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Just finished this one off.  Airfix 1/72 P-51D as N6356T owned by Charles Masefield ca 1968 and based at Shoreham. This was the very first Mustang I ever saw and flying. I have always wanted to do this subject and thanks to Draw Decals I have been able to finally add it to my collection. Humbrol 220 red used and appliance white for the undersides.  Uncertain as to the cockpit configuration so I remove the 'boxes from the area behind the seat and blanked it off with some plastic card. Also removed the head rest. The black antenna at rear of upper fuselage is from a spare resin item from one of the LEM RCAF P-51 decals sets. Appropriate as '6T' was an ex RCAF aircraft.   Brief history after its time in the UK is it went to Spain for filming Patton... movie, to the US for a time and raced, then to South Africa and now back in Europe being now based in Germany.

PICS:

 

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Note the louvres mid fuselage low down bby the 'dog kennel intake area.  These are on both sides and found on several Canadian Mustangs. Depicted here in decal form as on the decal sheet.
9xkp9s.jpg


XwLlkM.jpg


eA6oX5.jpg


D1wnAc.jpg

 

 

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Beautiful work! I'd be tempted to try that in 1/32 scale.

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Very smart, that scheme suits the Mustang very well.

 

Cheers

 

John

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By the way, anyone notice that i filed away the gun ports and filled the chutes underneath??

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Lovely work, that's superb

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@Paul J

Very nice model, and the color scheme really pops! For future reference, the canopy on the P-51D sagged as it was slid back on the rails, causing the rear edge of the canopy to rest against the fuselage; it did not follow the line of the sill, as shown on your model. Due to the constraints of the molding process and the thickness of the kit transparency, to get the correct 'sit' you need to relieve or chamfer the inside edges of the canopy framework to get the canopy to sit correctly. Very few kits allow the proper sit, and many modelers are unaware of the correct position,  fixing the canopy like that of an F-86, where the rear edge is proud of the upper fuselage. Hard to describe, so I have  posted a link to a photo that shows what I am trying to describe. Once you've seen it, you can pick it out in photos of the actual airplane. Hate to admit how many models I did the wrong way, until I read a discussion and numerous photos on the subject on the P-51 SIG website a while back. In no way meant to disparage your excellent build! 👍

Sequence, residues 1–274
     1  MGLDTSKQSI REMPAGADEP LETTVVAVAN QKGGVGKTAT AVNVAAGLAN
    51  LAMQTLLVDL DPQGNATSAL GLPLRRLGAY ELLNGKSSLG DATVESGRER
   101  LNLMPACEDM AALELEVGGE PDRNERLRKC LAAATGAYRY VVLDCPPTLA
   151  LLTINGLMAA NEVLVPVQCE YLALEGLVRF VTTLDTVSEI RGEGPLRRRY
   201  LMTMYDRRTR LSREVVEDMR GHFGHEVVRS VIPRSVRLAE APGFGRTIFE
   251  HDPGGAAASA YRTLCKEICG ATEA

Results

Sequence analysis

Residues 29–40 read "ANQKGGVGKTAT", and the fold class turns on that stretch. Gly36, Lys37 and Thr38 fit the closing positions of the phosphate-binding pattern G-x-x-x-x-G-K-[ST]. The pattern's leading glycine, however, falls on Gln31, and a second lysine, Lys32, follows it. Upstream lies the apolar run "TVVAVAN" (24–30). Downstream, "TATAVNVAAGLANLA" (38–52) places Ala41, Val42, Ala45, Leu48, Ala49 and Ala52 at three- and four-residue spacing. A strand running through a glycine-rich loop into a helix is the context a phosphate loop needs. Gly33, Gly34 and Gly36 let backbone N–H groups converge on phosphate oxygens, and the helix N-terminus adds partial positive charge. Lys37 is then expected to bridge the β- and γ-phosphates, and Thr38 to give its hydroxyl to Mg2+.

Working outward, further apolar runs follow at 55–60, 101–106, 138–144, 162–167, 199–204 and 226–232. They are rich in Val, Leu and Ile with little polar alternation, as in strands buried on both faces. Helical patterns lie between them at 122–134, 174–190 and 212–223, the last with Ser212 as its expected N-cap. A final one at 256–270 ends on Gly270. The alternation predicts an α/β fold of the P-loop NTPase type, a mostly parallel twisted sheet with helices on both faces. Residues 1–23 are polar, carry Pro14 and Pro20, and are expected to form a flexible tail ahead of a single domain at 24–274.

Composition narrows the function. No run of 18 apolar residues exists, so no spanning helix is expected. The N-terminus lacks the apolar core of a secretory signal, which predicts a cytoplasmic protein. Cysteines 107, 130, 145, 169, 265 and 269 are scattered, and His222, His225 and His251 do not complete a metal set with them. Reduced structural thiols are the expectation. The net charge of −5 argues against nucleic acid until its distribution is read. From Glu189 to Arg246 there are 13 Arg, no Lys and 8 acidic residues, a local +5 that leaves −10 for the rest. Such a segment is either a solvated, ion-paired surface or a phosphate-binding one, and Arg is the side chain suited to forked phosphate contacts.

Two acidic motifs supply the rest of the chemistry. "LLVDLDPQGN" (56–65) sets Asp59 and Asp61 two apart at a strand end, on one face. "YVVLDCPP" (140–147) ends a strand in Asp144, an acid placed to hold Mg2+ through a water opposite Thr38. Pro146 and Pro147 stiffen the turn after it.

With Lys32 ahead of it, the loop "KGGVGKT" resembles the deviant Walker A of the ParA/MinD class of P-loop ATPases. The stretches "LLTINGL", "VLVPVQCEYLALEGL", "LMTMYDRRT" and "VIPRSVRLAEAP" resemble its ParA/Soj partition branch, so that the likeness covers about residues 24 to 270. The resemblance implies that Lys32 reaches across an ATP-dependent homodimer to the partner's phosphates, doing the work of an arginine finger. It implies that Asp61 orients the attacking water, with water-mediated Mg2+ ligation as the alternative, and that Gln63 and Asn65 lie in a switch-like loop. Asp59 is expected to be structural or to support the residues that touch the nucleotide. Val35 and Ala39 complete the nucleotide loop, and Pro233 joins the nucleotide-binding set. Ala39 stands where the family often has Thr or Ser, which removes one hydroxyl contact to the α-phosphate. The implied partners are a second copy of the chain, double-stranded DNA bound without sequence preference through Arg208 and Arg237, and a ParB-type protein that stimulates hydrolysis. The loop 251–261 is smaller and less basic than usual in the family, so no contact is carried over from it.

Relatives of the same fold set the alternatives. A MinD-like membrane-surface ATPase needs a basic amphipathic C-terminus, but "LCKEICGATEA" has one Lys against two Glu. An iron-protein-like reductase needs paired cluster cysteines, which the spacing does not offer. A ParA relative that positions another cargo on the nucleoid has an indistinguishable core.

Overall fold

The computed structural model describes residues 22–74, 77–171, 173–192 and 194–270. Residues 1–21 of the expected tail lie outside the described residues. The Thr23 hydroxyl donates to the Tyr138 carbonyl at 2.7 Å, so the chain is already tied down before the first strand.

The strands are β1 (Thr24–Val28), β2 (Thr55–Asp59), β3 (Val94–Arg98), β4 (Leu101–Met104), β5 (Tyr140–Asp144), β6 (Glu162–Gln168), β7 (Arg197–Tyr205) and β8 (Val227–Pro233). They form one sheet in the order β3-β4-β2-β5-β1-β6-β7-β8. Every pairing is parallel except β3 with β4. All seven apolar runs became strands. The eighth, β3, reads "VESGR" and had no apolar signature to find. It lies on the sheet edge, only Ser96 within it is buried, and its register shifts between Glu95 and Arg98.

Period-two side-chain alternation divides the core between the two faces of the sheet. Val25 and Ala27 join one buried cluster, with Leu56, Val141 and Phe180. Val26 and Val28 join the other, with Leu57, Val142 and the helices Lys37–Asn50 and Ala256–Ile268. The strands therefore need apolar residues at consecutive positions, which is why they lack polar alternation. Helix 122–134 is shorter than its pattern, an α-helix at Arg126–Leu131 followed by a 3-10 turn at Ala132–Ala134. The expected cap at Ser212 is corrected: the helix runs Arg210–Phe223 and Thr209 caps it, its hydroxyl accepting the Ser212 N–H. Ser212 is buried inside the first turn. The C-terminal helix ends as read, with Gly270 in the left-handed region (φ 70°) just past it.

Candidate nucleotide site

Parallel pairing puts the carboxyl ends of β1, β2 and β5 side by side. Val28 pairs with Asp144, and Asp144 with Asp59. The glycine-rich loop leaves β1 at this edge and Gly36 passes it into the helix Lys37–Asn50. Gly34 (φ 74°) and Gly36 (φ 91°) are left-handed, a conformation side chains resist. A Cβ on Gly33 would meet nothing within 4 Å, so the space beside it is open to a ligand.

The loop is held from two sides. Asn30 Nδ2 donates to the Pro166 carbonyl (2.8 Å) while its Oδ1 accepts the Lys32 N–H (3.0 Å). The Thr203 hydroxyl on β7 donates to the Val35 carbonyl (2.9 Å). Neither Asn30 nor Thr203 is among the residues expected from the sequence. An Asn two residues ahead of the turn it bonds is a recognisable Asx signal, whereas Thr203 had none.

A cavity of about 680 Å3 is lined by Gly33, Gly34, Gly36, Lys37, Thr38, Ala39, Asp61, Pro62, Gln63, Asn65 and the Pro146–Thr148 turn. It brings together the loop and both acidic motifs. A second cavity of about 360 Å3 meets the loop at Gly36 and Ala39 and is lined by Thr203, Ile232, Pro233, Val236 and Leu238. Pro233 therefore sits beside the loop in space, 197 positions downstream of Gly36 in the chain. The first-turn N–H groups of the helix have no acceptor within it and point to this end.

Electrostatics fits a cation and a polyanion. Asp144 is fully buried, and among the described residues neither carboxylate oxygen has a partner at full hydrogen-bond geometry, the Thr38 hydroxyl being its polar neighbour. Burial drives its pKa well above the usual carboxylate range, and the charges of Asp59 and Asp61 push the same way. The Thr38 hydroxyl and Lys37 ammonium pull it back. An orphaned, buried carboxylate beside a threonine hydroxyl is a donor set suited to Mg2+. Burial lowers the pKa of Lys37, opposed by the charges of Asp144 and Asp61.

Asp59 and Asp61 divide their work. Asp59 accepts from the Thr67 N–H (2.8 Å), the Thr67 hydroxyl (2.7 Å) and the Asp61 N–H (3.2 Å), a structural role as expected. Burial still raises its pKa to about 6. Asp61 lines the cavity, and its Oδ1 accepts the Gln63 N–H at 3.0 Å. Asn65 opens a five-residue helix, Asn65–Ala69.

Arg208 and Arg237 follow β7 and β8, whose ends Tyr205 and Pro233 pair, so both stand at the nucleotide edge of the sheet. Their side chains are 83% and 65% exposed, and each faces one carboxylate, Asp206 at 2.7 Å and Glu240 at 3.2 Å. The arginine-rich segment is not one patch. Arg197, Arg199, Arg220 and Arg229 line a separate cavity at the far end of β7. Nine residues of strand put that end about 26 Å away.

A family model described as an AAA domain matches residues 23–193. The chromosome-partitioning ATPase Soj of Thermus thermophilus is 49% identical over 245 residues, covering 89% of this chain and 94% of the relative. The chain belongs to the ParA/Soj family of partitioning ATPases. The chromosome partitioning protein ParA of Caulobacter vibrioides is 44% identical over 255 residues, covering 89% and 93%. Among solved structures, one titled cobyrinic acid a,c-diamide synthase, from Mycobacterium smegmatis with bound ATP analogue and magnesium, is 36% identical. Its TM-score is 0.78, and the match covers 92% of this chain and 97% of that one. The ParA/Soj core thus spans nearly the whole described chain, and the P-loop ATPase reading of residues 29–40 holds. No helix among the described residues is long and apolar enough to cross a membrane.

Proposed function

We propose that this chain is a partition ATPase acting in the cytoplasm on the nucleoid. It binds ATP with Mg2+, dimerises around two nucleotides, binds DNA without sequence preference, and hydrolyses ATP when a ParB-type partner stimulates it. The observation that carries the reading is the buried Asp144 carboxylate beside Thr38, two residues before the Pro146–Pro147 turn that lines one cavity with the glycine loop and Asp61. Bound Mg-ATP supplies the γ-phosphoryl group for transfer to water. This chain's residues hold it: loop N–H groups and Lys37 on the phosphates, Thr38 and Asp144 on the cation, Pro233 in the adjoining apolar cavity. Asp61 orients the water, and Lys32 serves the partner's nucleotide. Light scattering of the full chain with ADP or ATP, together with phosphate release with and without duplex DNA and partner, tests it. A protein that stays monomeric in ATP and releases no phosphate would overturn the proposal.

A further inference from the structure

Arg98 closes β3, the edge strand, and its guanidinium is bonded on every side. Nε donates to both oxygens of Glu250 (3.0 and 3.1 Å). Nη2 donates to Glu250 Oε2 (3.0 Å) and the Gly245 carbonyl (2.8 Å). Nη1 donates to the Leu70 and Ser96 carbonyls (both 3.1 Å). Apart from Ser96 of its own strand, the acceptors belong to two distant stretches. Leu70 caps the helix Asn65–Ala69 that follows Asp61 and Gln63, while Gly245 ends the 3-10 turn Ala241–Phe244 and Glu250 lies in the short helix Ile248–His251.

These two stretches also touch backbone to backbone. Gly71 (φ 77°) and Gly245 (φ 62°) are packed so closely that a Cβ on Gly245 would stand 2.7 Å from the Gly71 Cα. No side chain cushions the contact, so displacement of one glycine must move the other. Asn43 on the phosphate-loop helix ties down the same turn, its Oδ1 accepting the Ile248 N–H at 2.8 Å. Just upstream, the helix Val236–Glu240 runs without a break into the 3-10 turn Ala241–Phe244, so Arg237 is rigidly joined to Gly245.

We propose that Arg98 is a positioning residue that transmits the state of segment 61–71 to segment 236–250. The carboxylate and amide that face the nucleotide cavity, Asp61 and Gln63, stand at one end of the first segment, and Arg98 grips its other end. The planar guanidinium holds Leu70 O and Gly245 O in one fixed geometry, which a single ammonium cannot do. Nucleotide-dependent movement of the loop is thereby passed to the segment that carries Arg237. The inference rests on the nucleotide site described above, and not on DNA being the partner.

Mike

 

This was the best photo I had that  shows the correct sit of the canopy when slid all the way back.

https://www.jetphotos.com/photo/9144023

 

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When I saw the title I thought I was going to see NX1202 “Excalibur III” as flown by Charles F Blair in an unofficial trans-Atlantic record attempt in the late ‘40s.  That notwithstanding that’s a very striking Mustang @Paul J, it looks fast just sitting still.

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13 hours ago, stever219 said:

When I saw the title I thought I was going to see NX1202 “Excalibur III” as flown by Charles F Blair in an unofficial trans-Atlantic record attempt in the late ‘40s.  That notwithstanding that’s a very striking Mustang @Paul J, it looks fast just sitting still.

I have done this one too! I"'ll post pics soon with all my other coach warlords.  Meanwhile I take on board the canopy anomaly and I am aware of this trait so will try and fix it.... Also many thanks for all your comments.

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One of my favourite reads from our village library was Charles F Blair’s “Red Ball in the Sky”.  One chapter deals with Operation Shark Bait, a West to east crossing of the North Atlantic by a formation of USAF F-84s which came perilously close to living up to its name: I wouldn’t mind another chance to read that book again.

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